Who needs to read Frankenstein?

Students can discuss a book they’ve never read in the Common Core era, complains Terrence Moore. He looks at the treatment of Mary Shelley’s Frankenstein in The British Tradition, a Prentice-Hall textbook aligned to the new standards.

Of 17 pages devoted to the classic novel, three are written by Mary Shelley. These aren’t from the novel, but from an introduction about writing the novel.  “Advanced readers” who are “interested” might read a “segment” of the novel in order to compare the monster to Shelley’s description in her introduction, the Teacher’s Edition advises. Apparently, nobody else will read even part of the novel.

Two pages of the 17 are devoted to editor Elizabeth McCracken’s stories about “the scary movies she watched as a child, including Frankenstein, Bride of Frankenstein, and Abbott and Costello Meet Frankenstein as well as dreams she had,” writes Moore. Under “Critical Reading,” students are asked what movies McCracken watched as a child.

. . . teachers are encouraged to ask their students what “classic” stories of urban myths, tales of alien abductions, or ghost stories they have heard. Examples include stories of alligators in sewers, a man abducted for his kidneys, and aliens landing in Roswell, New Mexico. Students are asked to write a paragraph on “one of these modern urban myths.”

. . . students are challenged to write “a brief autobiography of a monster.” The editors lament that most monster stories are told from the perspective of “the humans confronting the monster.” They want to turn the tables by having students consider “what monsters think about their treatment.”

Actually, Frankenstein tells much of the story from the monster’s perspective, writes Moore. But students don’t know that because they haven’t read it.

Saturday Night Live parody of Frankenstein merits five pages of the book — two more than Shelley –under “Contemporary Connection.” After discussing the show, the gifted students are supposed to obtain props, costumes and make-up that will enable them to “take roles and do a dramatic reading” of the script.

No wonder there’s no time to read the book.

Moore, a Hillsdale College history professor, is the author of The Story-Killers: A Common-Sense Case Against the Common Core.

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  1. Deirdre Mundy says:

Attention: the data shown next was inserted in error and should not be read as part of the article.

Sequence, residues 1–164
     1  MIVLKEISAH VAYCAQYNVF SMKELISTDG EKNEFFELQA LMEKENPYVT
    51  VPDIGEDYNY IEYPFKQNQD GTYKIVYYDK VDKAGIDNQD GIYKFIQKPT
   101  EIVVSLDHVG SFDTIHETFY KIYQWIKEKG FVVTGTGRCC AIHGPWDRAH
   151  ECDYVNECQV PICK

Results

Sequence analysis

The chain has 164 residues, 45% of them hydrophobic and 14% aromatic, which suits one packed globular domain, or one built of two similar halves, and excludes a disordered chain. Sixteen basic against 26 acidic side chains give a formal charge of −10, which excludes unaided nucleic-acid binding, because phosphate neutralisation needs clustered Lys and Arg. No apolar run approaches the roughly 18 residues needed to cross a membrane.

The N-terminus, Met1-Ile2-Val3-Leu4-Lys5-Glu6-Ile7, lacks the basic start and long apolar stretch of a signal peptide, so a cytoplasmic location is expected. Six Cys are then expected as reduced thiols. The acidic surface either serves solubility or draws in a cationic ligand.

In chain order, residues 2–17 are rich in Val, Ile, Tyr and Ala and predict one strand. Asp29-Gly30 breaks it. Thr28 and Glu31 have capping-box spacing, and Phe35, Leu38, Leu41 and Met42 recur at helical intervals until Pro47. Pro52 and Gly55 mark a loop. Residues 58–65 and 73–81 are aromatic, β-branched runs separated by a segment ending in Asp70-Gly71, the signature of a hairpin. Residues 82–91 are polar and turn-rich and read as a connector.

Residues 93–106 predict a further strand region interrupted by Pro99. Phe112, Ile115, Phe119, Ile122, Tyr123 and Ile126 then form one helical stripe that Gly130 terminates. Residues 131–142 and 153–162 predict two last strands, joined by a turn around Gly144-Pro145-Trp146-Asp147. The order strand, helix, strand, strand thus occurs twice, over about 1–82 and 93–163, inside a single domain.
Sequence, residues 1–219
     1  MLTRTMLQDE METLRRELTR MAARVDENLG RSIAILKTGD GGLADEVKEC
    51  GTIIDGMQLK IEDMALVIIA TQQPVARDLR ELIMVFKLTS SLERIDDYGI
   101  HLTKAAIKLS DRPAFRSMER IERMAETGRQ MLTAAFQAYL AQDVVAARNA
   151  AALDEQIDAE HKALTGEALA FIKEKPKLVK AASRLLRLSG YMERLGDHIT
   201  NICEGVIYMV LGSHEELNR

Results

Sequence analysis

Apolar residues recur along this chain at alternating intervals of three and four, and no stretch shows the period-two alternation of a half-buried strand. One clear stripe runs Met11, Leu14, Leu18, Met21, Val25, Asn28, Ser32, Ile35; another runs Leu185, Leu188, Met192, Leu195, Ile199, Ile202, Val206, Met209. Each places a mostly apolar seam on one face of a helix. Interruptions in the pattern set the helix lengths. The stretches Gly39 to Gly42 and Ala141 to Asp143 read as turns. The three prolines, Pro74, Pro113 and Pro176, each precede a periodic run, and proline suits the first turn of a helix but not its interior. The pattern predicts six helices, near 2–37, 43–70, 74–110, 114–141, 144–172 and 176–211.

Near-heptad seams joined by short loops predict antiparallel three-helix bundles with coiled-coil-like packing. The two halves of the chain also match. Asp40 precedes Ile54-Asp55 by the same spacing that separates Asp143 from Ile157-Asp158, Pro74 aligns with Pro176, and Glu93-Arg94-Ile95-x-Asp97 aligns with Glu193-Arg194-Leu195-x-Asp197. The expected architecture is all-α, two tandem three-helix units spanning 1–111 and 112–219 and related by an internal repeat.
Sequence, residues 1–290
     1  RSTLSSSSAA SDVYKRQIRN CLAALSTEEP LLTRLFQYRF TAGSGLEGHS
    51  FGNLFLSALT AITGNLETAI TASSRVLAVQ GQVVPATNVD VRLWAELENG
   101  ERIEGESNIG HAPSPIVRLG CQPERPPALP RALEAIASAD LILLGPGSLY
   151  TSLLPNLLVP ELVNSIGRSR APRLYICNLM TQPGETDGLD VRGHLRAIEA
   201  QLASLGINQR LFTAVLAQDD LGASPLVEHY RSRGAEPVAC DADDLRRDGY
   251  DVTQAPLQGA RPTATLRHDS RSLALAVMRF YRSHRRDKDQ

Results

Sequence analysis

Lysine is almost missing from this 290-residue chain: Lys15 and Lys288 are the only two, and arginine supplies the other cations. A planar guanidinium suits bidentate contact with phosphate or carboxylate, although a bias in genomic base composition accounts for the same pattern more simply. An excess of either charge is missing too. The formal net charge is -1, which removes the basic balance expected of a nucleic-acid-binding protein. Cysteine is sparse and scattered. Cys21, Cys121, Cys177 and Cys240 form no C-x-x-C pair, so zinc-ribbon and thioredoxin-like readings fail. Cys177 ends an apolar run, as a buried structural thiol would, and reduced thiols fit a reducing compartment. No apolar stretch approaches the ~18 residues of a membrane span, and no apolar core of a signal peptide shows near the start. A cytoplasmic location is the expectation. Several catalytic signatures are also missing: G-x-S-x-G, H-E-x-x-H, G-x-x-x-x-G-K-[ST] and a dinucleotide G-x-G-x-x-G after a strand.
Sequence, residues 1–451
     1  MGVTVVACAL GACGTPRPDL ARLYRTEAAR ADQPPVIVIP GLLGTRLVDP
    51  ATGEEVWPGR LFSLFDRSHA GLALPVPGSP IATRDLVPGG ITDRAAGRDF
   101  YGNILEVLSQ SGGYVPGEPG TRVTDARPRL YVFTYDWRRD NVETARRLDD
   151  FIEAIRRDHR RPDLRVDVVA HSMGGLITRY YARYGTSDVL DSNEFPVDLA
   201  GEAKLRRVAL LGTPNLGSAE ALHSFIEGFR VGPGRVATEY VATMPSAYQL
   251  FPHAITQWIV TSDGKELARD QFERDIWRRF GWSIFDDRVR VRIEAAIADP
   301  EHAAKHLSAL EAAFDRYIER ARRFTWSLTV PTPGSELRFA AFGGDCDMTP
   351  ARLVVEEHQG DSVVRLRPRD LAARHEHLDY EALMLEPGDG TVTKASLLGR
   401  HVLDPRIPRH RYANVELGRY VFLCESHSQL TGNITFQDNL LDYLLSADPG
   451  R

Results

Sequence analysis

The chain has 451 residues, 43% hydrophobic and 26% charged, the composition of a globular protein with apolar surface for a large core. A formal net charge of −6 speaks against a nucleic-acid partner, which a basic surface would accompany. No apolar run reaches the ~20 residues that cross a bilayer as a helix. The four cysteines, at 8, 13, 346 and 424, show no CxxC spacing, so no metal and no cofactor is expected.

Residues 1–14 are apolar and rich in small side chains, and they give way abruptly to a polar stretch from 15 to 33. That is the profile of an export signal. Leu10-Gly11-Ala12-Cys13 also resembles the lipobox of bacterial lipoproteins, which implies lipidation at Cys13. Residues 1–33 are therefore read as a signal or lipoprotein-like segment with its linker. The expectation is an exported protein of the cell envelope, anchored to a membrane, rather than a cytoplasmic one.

Ugh. Especially since Frankenstein addresses issues like what makes us human, what responsibility does a scientist have for the results of his research, what it means to be a creator…….

    Common Core-compliant texts sound like torture. And it would take LESS time to read the book than to do all those projects!

    • Deirdre Mundy says:

      Also, why is it considered better to let the text book draw connections to real life experiences for the students than it is to have them draw connections on their own?

      It’s like with each cycle of reform and accountability, the ‘critical thinking’ exercises become even more removed from actual critical thinking.

  2. You’re right, Deirdre, it’s just another attempt to change literature (along with history, language and even math) from “what the author really wrote” (or what actually happened or the real result of a math problem) into how students feel about it or how their teachers tell them to react to it.

    It’s almost Orwellian: “Critical thinking” has become either “not thinking, just feeling” or “thinking just how you’ve been told”.

    And who in their right mind conflates “prototypical science fiction novel that is also excellent literature” with “urban legend”?

  3. cranberry says:

    My children read _Frankenstein_ in high school. I’ll have to ask when and how their classes covered it, but I think they referred to Beowulf and/or the Romantic poets. (Which works they had read.)

    Do you think writing about Roswell, New Mexico, falls under the heading of “nonfiction essay?”

    What makes reading the text aloud a “gifted” exercise?